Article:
Dirk Kuyt, who marked his 200th league appearance for Liverpool with a goal against QPR on Wednesday, recently suggested to the English press that he would be open to a move away from Anfield, should his first-team opportunities with the Reds not improve.
The 31-year-old Dutch star has proved an invaluable asset to Liverpool since his move from Feyenoord in 2006. Signed as a striker after a couple of prolific seasons in the Eredivisie, Kuyt was quickly converted into a winger by Rafa Benitez because, like a handful of Eredivisie prospects before him, he failed to replicate his goalscoring exploits in the Premier League.
Despite his initial struggles up front (he scored just three league goals during 2007/08), Kuyt soon won over the Kop with his industrious wing work and knack for scoring important goals. And while he wasn’t everything Liverpool fans had wished for in a striker, his record of 71 goals in 276 games and counting is certainly nothing to be scoffed at.
When Kuyt does indeed leave Liverpool his time at the club will be judged as an undoubted success, but he shall remain a legitimate example of the deceptive Dutch scoring charts. Here are a few Eredivisie exports who set the Dutch league alight, but unlike Dirk Kuyt, completely failed to make the grade in the Premier League.
In January 2008, Middlesbrough broke their transfer record with the £12.7m capture of Brazilian striker Alfonso Alves from Dutch side Heerenveen. A lot was expected of the 27-year-old striker upon his arrival at the Riverside; Alves scored a staggering 45 goals in just 38 appearances during his short spell in the Eredivisie and had been named Dutch Footballer of the Year the previous season.
Alves took time to settle in the North East, before well and truly introducing himself to the ‘Boro faithful towards the end of the campaign with a brace against Manchester United in a 2-2 draw, soon followed by a hat-trick against Manchester City in an 8-1 thrashing.
The stage was set for Alves to have a blistering full first season in the Premier League, but 2008-09 proved to a fruitless year for the Brazilian; he struck just four times in 31 matches as Middlesbrough were relegated to the Championship.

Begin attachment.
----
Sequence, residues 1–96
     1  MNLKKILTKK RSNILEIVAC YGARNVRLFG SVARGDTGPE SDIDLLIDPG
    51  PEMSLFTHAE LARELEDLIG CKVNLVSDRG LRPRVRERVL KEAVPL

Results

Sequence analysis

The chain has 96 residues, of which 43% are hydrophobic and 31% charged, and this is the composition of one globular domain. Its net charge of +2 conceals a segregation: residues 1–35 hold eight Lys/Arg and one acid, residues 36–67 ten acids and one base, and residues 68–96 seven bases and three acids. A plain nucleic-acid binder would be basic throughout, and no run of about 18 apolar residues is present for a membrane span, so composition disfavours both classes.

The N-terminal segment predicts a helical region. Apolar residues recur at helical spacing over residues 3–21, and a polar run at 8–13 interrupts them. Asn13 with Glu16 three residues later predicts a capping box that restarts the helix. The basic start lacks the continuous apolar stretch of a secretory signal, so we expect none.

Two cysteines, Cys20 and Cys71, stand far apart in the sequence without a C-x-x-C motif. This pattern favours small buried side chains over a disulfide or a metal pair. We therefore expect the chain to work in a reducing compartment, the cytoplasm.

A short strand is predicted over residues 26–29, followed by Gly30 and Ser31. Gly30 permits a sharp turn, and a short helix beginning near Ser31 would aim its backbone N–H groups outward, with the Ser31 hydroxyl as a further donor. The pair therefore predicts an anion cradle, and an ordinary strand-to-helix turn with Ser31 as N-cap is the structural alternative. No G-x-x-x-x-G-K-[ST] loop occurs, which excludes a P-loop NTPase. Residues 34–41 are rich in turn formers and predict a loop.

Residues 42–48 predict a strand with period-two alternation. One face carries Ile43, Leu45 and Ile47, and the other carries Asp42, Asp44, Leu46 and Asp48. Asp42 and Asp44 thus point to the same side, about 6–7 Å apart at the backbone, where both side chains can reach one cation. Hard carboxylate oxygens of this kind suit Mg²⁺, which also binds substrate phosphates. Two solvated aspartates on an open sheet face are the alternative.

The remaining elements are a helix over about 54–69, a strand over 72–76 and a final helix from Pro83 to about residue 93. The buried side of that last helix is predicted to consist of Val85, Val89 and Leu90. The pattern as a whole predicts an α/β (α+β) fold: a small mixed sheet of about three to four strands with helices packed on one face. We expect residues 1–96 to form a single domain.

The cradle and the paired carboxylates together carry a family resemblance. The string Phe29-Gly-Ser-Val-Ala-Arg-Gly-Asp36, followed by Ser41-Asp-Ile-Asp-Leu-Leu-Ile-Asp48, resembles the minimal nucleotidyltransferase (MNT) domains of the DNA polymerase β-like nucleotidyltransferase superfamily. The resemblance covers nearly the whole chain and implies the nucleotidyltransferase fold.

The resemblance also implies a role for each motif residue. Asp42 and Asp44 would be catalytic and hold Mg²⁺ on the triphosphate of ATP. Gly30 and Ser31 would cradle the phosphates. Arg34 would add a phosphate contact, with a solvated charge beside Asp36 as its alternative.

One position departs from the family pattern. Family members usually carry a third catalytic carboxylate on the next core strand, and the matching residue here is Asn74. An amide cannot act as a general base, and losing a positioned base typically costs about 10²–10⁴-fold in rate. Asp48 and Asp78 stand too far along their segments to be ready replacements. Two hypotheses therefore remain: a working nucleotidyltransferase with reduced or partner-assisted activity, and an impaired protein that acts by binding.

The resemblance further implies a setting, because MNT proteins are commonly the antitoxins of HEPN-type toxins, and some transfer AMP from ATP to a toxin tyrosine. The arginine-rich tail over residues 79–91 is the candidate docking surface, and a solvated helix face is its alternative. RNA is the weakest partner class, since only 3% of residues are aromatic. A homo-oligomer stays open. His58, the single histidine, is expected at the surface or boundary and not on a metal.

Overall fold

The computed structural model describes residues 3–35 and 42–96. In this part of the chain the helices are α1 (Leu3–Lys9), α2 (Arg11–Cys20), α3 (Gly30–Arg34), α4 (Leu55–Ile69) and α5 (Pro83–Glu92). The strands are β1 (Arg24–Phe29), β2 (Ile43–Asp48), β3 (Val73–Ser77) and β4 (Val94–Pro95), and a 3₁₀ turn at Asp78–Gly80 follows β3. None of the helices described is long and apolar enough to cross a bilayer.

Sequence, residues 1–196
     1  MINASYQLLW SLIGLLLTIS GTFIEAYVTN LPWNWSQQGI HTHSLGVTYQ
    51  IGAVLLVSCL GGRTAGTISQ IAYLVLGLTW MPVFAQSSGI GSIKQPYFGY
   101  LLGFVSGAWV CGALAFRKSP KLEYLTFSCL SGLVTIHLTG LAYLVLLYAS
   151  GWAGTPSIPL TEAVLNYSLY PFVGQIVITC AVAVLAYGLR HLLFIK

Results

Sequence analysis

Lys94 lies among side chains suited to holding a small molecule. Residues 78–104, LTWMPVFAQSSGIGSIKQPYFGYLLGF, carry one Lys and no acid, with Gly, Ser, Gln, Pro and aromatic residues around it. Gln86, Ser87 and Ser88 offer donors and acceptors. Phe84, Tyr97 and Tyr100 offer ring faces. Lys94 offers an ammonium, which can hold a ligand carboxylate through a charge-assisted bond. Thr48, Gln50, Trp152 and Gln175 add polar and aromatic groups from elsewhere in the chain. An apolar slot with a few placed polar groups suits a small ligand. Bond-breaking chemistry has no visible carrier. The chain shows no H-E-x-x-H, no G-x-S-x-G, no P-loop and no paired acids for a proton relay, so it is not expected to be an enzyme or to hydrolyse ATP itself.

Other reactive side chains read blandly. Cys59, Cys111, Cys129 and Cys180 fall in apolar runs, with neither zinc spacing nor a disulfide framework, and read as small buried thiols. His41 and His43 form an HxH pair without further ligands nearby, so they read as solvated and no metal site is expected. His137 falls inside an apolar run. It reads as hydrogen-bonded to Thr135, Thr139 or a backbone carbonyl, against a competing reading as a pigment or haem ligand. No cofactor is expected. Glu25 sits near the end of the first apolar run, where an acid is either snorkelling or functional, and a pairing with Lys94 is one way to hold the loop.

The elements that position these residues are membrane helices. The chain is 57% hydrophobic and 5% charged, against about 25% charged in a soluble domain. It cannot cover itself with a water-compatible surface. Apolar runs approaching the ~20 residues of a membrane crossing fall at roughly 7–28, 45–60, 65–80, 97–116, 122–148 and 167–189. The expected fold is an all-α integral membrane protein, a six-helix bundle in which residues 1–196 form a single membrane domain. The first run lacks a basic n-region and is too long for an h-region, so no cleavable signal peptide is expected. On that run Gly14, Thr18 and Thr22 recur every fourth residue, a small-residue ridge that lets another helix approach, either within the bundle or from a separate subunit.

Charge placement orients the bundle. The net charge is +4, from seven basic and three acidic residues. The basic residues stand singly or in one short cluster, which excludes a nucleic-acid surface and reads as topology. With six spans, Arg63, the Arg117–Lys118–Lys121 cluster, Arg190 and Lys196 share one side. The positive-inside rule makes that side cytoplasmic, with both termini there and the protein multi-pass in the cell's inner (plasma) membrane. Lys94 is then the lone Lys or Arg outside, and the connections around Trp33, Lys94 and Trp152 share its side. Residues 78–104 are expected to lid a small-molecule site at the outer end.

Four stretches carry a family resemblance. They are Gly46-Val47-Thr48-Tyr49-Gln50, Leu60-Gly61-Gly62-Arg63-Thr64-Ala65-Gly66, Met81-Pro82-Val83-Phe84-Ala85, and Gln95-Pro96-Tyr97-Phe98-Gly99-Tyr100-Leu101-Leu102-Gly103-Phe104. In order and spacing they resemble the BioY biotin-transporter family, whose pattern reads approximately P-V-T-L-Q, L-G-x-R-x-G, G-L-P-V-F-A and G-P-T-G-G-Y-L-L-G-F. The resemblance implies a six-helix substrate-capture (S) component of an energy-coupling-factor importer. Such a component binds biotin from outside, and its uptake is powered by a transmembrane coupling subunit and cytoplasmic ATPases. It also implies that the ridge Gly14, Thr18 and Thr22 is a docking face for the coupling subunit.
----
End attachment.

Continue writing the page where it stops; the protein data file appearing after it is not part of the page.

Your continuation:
The physicality of the English game seemed to much for Alves, who often found himself starting from the bench despite ‘Boro’s desperate need for goals during their relegation fight. Any hopes Alves had of salvaging his reputation in England were scuppered when Gareth Southgate, desperate to offload his highest earner on £50,000 a week, recouped £6 million by offloading him to Qatari club Al-Sadd.
“He has all the potential to become the next Thierry Henry. “The pace, movement, finishing, feel for the game; it’s all there. If he keeps developing and improving there is no saying what he might achieve in the game.”
Oh, why did Marco Van Basten have to eulogize Ryan Babel so?
“The next Thierry Henry” is a tag that has hauntingly followed Ryan Babel since his big money move from Ajax to Liverpool. But, to be fair to Van Basten, it was a tag that looked to have at least some merit during Babel’s first year at Anfield.
Capable of playing as a striker or on the wing, Babel scored 10 goals in all competitions during his first season with Liverpool. At 20 years of age and mainly featuring from the bench it was a decent return from Babel, who showcased his raw speed and ability to shoot from range that presumably inspired Van Basten’s glowing words.
The promise of his debut season quickly evaporated and Babel regressed over the following two-and-a-half seasons. He struggled to hold a place in the first team and more often than not failed to replicate the impact from the bench he often contributed throughout his first year in England.
Babel was infuriating to watch. It was clear that he did have the physical and technical attributes to be a success in the Premier League, he just never quite managed to utilize them consistently.
Constantly linked with a move while with Liverpool, Babel was eventually sold in January 2011 to Bundesliga side Hoffenheim.
Chelsea looked to have secured a bargain when Jose Mourinho brought Serbian striker Mateja Kezman to Stamford Bridge for just £5.3m. Kezman arrived in London having spent four years with PSV Eindhoven, where he scored 102 league goals in 122 games. Two seasons on the spin the Serb scored more goals than he played games in the Eredivisie.
Kezman’s scored just four times during his solitary season in England before being moved on to Atletico Madrid. It wasn’t all bad for Kezman in England though, he did score in Chelsea’s victorious Carling Cup final win against Liverpool and won a Premier League winners’ medal.
Despite his magical time at PSV and the idolatry the Eindhoven fans shared for him (affectionately nicknaming him Batman when he formed a deadly partnership with Arjen Robben), Kezman credits his unimpressive year in London as the highlight of the career.
Vitesse Arnhem fans probably still chuckle when they reflect on the £2.3m George Graham’s Arsenal gave them for Glenn Helder in 1995. To put that into context, the Gunner’s North London rivals Tottenham spent £300,000 less on German superstar Jurgen Klinsmann just a year earlier.
Klinsmann was a roaring success; Helder was not. The winger spent two years at Highbury, playing 39 times and scoring once. He left in 1997 to return to Holland, where he played sporadically before leaving to ply his trade in Hungary and China.